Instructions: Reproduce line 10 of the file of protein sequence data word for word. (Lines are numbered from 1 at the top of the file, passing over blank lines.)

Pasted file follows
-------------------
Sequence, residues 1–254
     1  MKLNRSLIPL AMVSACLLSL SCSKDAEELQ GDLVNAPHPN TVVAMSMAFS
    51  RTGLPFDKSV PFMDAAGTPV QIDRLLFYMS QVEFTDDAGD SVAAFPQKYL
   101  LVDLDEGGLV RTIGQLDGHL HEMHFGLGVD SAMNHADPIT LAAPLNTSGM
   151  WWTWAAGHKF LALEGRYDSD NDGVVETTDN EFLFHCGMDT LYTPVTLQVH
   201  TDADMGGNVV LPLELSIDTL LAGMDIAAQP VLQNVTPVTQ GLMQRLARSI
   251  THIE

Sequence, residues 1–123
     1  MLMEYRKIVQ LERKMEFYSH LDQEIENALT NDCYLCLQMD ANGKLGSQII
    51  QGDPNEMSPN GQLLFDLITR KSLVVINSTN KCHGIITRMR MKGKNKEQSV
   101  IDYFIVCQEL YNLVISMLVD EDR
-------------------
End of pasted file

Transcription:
    51  QGDPNEMSPN GQLLFDLITR KSLVVINSTN KCHGIITRMR MKGKNKEQSV